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Late GSU Officer Attached to Matiang’i’s Office Suffered From PTSD After Dusit Attack – Family

[Courtesy]

The family of the GSU officer Hudson Wakise who turned gun on self after killing wife, Pauline Wakasa has revealed that he suffered from Post-traumatic stress disorder (PTSD) following the Dusit attack.

Speaking to a local publication, the kin revealed that trouble started brewing in his marriage after the Dusit attack in Nairobi.

For instance, he was part of the Reece squad that was trapped inside the Hotel trying to rescue people. In the process, he suffered a head injury that led to trauma hence changed behavior.

“I don’t know if he was drinking with his colleagues in the past but since his involvement in the attack, there was a notable increase in his alcohol consumption. His relationship with his wife also suffered, forcing us to intervene to reconcile them on several occasions,” a relative is quoted by a local publication.

Read: GSU Officer Attached to CS Matiang’i’s Office Kills Wife, Turns Gun on Self

Yesterday, through a statement, the Inspector General of Police Hillary Mutyambai announced the death of the GSU officer and his wife who was a traffic officer attached at Kilimani Police Station.

According to the IG, preliminary reports show that theirs was a domestic squabble.

“Wakise, who had been off duty since April 1, reported back to work on April 6 but left at 3 pm and went home near the GSU camp in Ruaraka,” said Mutyambai.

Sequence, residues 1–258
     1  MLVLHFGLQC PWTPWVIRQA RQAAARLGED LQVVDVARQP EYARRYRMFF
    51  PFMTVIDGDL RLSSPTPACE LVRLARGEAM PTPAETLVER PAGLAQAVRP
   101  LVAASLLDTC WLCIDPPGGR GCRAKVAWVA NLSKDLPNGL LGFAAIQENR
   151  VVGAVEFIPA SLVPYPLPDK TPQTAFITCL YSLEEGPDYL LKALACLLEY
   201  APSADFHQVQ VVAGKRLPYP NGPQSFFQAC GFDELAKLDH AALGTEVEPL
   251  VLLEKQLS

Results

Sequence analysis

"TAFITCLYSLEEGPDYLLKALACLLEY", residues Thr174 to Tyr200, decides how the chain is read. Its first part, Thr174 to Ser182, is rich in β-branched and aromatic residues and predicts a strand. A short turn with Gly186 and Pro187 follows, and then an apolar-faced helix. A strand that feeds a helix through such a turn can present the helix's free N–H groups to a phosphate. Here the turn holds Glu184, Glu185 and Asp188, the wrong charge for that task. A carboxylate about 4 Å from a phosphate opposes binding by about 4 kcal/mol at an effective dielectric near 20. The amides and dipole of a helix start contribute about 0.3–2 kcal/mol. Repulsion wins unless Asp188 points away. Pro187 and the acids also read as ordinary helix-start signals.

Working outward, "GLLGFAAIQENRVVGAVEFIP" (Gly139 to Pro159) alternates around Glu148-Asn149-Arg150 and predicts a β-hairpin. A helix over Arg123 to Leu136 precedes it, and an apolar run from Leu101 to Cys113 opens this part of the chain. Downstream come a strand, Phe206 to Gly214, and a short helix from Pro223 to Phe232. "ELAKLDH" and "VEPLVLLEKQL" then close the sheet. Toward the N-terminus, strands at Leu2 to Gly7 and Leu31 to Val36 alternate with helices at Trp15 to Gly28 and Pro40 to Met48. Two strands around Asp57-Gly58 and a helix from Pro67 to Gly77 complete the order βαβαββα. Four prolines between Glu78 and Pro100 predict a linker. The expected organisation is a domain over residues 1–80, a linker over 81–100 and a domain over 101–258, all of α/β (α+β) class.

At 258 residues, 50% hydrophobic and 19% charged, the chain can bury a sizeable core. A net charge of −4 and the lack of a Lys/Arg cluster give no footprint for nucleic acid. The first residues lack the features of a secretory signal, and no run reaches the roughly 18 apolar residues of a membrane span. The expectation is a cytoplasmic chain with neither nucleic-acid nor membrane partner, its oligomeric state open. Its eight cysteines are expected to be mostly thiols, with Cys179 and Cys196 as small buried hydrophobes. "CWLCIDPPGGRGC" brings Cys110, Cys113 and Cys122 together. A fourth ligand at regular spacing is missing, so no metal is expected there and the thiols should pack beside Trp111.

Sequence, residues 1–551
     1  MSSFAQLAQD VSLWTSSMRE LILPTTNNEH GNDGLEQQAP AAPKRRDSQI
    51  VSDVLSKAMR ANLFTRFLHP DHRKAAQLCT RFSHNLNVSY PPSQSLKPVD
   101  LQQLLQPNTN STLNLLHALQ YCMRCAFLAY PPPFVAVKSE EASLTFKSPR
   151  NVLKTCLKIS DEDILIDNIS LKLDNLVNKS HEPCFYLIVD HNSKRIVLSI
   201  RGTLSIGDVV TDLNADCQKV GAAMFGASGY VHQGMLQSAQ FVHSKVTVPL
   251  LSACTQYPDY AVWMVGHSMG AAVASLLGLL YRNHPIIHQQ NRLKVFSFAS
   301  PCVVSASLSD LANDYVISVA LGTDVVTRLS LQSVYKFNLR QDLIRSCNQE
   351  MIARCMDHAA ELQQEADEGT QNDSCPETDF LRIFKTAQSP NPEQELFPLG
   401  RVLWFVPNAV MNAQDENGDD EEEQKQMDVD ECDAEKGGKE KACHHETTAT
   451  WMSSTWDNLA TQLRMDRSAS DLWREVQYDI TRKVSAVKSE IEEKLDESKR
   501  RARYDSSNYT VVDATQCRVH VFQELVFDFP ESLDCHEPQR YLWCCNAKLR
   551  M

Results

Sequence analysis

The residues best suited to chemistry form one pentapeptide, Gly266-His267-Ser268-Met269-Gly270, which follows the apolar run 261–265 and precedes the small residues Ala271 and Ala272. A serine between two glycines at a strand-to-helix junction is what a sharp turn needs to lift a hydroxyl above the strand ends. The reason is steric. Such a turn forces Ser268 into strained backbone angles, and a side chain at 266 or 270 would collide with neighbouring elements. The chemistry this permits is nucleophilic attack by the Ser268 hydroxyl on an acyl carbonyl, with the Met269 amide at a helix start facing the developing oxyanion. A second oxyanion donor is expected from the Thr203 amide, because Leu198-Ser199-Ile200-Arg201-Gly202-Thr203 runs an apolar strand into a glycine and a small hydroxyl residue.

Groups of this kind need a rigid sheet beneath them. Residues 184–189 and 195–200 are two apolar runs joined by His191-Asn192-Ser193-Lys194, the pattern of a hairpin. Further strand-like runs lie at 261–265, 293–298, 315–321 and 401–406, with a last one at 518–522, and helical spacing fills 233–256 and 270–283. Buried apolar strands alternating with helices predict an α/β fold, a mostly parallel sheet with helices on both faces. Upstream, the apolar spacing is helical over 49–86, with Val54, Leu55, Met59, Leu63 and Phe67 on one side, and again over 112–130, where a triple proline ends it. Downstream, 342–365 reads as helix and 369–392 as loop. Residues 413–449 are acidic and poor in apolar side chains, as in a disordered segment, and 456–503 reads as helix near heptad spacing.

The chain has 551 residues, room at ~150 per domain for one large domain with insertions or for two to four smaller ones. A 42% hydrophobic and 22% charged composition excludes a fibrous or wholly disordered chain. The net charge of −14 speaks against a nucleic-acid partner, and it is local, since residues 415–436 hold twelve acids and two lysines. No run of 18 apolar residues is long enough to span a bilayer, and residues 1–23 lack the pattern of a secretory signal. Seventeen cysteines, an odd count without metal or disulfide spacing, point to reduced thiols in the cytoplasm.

t is said that they fought over her moving out with their two children aged five and two.

Witnesses said Wakise got home at around 9 pm when a fight ensued prompting him to leave. He later returned and shot his wife eight times in the chest. She was still in her uniform when the incident took place.

He would later shoot himself through the chin.

Read Also: GSU Officer Shoots Self After Opening Fire On Colleagues

CS Matiang’i mourned the couple as “young and vibrant” officers.

“I am deeply pained by the tragic incident involving PC Hudson Wakise and his wife PC Pauline Wakasa both young and vibrant Police officers with brilliant futures tragically ended in their shocking demise,” the CS tweeted.

In January, the National Police Service (NPS) identified the limited supervision among junior cops living outside the camps as one of the reasons for the spike in suicide cases.

“Stagnation in rank, disciplinary actions arising from desertion and inadequate monitoring of junior officers leaving outside police lines are among causes of stress in officers identified,” a statement from the commission read.

It was also agreed that counseling among officers was essential.

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Written by Mercy Auma

Passionate about human interest stories and politics. Email news@kahawatungu.com

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